Patent application title: METHOD AND SYSTEM FOR WEBSITE CREATION
Frederick R. Krueger (Santa Monica, CA, US)
Frederick R. Krueger (Santa Monica, CA, US)
Minds and Machines, LLC
IPC8 Class: AG06F1721FI
Class name: Data processing: presentation processing of document, operator interface processing, and screen saver display processing presentation processing of document structured document (e.g., html, sgml, oda, cda, etc.)
Publication date: 2014-02-06
Patent application number: 20140040724
Described is a system and method for creating and editing a theme of
individual widgets through the use of child widgets.
1. A system for creating website themes, the system comprising: a website
development tool, the website development tool being a multi-tiered
widget-based tool, wherein a page of the website is defined through the
use of two or more widgets, at least a first widget being a parent widget
and at least a second widget being a child widget, the parent widget and
the child widget being programmatically associated such that the child
widget affects properties of the parent widget.
2. The system recited in claim 1, wherein the website development tool executes on website development server, and further wherein the website development server makes available a theme file that defines a layout of the website.
3. The system recited in claim 2, wherein the theme file comprises: a first component that defines regions of at least one page of the website; data regarding a plurality of widgets used in connection with one or more regions of the at least one page of the website, at least one of the widgets in the plurality of widgets having a parent/child relationship with at least another of the plurality of widgets; data regarding properties of each of the widgets in the plurality of widgets; and data regarding one or more templates used by each of the plurality of widgets.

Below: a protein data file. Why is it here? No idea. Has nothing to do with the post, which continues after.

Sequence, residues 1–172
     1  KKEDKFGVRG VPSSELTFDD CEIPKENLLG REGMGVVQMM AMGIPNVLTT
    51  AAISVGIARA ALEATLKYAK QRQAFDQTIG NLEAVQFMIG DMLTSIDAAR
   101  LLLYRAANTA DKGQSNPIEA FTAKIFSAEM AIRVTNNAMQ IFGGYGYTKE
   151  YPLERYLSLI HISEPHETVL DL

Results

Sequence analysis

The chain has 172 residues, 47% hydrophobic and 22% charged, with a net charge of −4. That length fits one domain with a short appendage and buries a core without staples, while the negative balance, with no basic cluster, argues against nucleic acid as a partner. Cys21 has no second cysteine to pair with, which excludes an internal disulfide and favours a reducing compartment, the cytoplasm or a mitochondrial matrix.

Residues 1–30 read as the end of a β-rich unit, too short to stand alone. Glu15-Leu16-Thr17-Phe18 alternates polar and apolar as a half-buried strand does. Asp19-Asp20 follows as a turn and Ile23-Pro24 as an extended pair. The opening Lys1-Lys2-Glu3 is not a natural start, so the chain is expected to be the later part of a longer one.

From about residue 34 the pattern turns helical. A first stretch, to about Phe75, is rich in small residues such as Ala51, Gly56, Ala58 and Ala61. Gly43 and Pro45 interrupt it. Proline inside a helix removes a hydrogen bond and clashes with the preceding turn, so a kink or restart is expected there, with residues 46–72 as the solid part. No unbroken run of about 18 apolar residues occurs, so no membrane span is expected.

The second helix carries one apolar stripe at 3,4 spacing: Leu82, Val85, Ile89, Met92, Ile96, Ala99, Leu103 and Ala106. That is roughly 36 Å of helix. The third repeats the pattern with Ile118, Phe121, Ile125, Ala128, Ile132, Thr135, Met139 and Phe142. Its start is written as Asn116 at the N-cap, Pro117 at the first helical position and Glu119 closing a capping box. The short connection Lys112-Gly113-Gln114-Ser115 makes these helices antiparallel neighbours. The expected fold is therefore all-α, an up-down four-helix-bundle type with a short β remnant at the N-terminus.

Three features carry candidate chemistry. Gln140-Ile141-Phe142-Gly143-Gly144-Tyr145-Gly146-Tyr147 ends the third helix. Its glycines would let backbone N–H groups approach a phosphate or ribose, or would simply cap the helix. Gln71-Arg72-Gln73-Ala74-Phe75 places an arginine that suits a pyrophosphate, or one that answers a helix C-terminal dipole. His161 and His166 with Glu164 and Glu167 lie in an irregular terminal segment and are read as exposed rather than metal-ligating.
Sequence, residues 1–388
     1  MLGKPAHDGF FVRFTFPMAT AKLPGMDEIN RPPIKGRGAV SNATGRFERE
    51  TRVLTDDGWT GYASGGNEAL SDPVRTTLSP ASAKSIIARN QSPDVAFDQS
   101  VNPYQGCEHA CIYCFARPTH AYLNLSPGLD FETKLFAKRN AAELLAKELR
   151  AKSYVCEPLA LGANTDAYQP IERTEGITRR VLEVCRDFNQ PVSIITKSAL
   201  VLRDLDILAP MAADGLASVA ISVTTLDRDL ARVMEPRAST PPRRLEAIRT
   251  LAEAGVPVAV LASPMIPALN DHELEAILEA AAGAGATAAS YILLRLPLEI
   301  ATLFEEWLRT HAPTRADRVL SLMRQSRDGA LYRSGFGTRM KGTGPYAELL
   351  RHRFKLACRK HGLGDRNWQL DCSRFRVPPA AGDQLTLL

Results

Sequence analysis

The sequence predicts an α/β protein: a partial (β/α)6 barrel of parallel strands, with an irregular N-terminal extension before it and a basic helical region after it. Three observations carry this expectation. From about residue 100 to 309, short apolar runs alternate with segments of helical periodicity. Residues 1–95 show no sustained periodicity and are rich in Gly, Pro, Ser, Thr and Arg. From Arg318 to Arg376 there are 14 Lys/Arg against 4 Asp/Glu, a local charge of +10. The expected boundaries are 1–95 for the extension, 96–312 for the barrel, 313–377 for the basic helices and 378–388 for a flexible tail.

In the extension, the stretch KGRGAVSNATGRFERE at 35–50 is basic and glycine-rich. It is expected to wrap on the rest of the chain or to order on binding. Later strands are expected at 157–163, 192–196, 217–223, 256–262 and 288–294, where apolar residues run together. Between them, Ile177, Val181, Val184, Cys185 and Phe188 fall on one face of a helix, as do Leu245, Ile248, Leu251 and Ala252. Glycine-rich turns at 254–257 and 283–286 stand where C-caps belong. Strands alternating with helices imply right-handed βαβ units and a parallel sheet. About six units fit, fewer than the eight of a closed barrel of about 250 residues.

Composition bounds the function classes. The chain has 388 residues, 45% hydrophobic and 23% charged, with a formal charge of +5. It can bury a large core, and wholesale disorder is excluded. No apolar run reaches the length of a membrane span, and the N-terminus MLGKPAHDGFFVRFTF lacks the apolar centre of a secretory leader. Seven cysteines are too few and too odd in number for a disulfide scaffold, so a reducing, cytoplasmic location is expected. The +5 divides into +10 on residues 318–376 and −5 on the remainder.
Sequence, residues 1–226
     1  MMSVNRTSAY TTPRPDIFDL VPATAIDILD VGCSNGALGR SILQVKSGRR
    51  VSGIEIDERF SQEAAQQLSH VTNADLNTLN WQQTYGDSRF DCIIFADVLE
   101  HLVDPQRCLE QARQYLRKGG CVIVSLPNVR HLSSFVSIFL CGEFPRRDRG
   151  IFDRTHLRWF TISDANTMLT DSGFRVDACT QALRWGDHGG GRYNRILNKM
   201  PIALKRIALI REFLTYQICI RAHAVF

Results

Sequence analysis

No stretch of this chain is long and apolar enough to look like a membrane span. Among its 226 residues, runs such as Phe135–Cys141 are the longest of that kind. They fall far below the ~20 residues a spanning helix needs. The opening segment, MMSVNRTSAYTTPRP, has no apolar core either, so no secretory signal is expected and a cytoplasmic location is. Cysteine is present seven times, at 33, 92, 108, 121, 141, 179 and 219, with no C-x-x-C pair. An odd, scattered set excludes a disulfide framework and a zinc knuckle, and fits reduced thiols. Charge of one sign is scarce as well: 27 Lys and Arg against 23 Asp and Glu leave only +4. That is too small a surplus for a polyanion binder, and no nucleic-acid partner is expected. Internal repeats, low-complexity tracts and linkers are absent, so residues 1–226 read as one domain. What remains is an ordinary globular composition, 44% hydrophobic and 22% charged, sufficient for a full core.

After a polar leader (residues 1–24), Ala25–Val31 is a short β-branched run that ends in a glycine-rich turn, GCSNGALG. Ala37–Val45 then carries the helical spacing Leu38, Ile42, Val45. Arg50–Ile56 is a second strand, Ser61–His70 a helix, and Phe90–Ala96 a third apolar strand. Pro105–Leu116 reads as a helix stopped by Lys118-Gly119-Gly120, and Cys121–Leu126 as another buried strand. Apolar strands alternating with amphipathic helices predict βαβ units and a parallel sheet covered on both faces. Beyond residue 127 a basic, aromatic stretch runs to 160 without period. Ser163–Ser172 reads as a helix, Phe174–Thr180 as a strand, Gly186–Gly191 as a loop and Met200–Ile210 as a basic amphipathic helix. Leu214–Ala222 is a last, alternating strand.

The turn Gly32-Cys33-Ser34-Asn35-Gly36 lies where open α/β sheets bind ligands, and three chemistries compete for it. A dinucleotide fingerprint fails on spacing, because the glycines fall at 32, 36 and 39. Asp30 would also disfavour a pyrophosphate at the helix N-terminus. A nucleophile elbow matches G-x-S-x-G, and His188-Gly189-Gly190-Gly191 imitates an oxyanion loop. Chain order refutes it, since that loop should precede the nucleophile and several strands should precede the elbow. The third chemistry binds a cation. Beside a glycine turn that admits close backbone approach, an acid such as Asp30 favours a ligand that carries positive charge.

4. The system recited in claim 1, wherein the website development tool enables a drag-and-drop creation of the page such that each of the plurality of widgets is dragged to a location on a conceptual page, and further wherein dragging a first widget and dropping the first widget onto a second widget establishes a parent/child relationship between the first and second widgets.
5. A theme file for defining a website layout, the theme file comprising: a first component that defines regions of at least one page of the website; data regarding a plurality of widgets used in connection with one or more regions of the at least one page of the website, at least one of the widgets in the plurality of widgets having a parent/child relationship with at least another of the plurality of widgets; data regarding properties of each of the widgets in the plurality of widgets; and data regarding one or more templates used by each of the plurality of widgets.
6. The theme file recited in claim 5, wherein at least on child widget is associated with a parent widget, and further wherein the child widget affects properties of the parent widget.
7. A method for creating website themes, the method steps comprising: creating a website by defining at least one page of the website using a plurality of widgets, at least two widgets having a parent/child relationship, a child widget affecting properties of the parent widget.
8. The method recited in claim 7, wherein a look and feel of the website is defined by using the child widget to define the properties of the parent widget.
CROSS REFERENCE TO RELATED APPLICATIONS
 This application claims priority to and all the benefits of U.S. Provisional Application No. 61/678,261, filed Aug. 1, 2012, and entitled "Method and System for Website Creation."
SUMMARY OF INVENTION WITH BACKGROUND INFORMATION
 The present invention relates generally to website creation software and utilities, and more specifically to the use of themes in website creation. Even more specifically, embodiments of the invention implement parent widgets and child widgets in the creation of a website theme.
 Widget-based website builders have several advantages. Such applications, including (without limitation) Wix.com, Yola.com, SnapPages.com, Moonfruit.com, SiteKreator.com, Cubender.com, Weebly.com, Goodsie.com, Webs.com, and SquareSpace.com have become highly popular as a means of creating and updating websites. Each of these website builders allows a site to be organized into a series of one or more pages. Each page consists of an assemblage of one or more widgets into one or more pre-defined regions.
 One example of such a widget based layout is shown in FIG. 1. In FIG. 1, there are 4 regions: a header, a footer, a right sidebar and main area to the left of the sidebar. Each of these areas contains one widget: The header contains a logo widget, the main area contains a grid widget, and the footer and sidebar both contain text widgets.